Cooking With Coffee: Using Your Best Brew As a Meat Tenderizer

Cooking with Coffee

The other day, I shared dinner with friends I hadn’t seen in a long time. It was a comforting and savory roast, paired with lots of grilled root vegetables. They loved the meal as a whole, but what they raved about the rich flavor and melt-in-your-mouth texture of the roast. Roast is hard - no one can do it quite like mom or grandma, right?

When I shared my secret ingredient — coffee — they were pretty surprised. You’ve heard of coffee cake, and probably even a shot of espresso in your favorite chili… but meat? I had to take a few minutes to explain my process and reasoning. There are many ways to tenderize meats (basically, you’re just relaxing the muscle fibers for cooking), but coffee contains natural acids, which made it an obvious choice for me when planning my meal. And of course, I always have an abundance of coffee in my house. I had to put it to work.

There are three types of natural meat tenderizers: salt, enzymes, and acids. In the salt category, both salt and baking soda break down the proteins in beef. Applied one hour before cooking, they will draw water from the meat and allow the salt to sink into the cut of meat, helping to improve the texture. Enzymes typically come from fruits and roots, like pineapple, papaya, ginger or kiwis, which break down tough muscle fibers and proteins. Mash or slice them, and spread them on top of the meat. Coffee, however, falls into the acidic category, which also includes wine, beer, and tea.

If you choose to experiment with coffee or tea when marinating meat, keep in mind that any beverage you brew should be quite strong, and needs to cool before being poured over the meat and stored in the refrigerator for up to 24 hours. We would also recommend a glass dish if you’re baking your dish in the oven - stainless steel can react with acids and impact the flavor in a not-so-delicious way.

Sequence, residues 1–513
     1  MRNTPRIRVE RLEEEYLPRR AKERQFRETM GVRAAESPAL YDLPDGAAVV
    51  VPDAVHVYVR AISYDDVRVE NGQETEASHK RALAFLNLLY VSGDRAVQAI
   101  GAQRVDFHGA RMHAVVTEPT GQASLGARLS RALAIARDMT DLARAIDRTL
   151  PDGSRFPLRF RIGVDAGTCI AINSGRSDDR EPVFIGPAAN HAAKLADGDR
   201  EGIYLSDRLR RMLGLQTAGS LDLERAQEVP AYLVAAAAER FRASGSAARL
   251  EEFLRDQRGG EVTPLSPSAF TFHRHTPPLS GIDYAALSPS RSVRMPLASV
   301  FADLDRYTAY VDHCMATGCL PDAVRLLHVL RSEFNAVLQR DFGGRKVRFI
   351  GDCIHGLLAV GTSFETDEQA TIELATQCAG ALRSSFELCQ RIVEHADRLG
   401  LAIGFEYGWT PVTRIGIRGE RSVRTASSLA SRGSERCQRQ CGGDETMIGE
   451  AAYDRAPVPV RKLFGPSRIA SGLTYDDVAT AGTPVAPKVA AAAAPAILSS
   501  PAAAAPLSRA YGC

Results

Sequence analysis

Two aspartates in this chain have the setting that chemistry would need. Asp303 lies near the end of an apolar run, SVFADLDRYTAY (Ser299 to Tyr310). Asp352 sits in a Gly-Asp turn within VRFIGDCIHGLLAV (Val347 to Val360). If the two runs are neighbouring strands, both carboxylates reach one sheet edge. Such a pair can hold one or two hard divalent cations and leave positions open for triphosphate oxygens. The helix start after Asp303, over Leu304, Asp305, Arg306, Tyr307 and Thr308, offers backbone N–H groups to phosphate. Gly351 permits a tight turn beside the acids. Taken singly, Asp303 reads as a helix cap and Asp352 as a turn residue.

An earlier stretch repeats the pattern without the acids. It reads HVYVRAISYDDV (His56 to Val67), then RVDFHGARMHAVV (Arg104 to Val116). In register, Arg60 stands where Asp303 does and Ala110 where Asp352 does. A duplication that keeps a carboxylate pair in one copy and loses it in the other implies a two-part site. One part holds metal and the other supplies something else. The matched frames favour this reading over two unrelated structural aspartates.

Coffee grounds also make an outstanding rub for different cuts of beef or pork, especially if it’s something you’re putting in a slow cooker or on the grill. If you’re like me and normally don’t plan meals too far in advance, use fresh leftover grounds for a rich, earthy flavor. The grounds also intensify the natural flavors of your meat, enhancing whatever added spices you’ve selected, and providing a luxurious liquid that can be left alone or - even better - turned into a gravy.

I should note: it’s recommended to use the ground coffee for recipes that will be cooked. When the grounds are used as a marinade or in a sauce, the grainy texture can be overpowering. If you want to make a stew or sauce that will enhance your meal, try using brewed coffee instead of the grounds.

If you're ready to try cooking with coffee, try this slow-cooked coffee beef, which combines fresh mushrooms, green onions, cloves, chili powder, salt, pepper, and coffee. After browning the roast and sauteeing the veggies, combine everything in the slow cooker for eight to ten hours and let us know how you like it in the comments. Of course, if you need to order coffee, contact us here at Zoka - our specialty blends could add an even more unique and exciting flavor profile to your meals.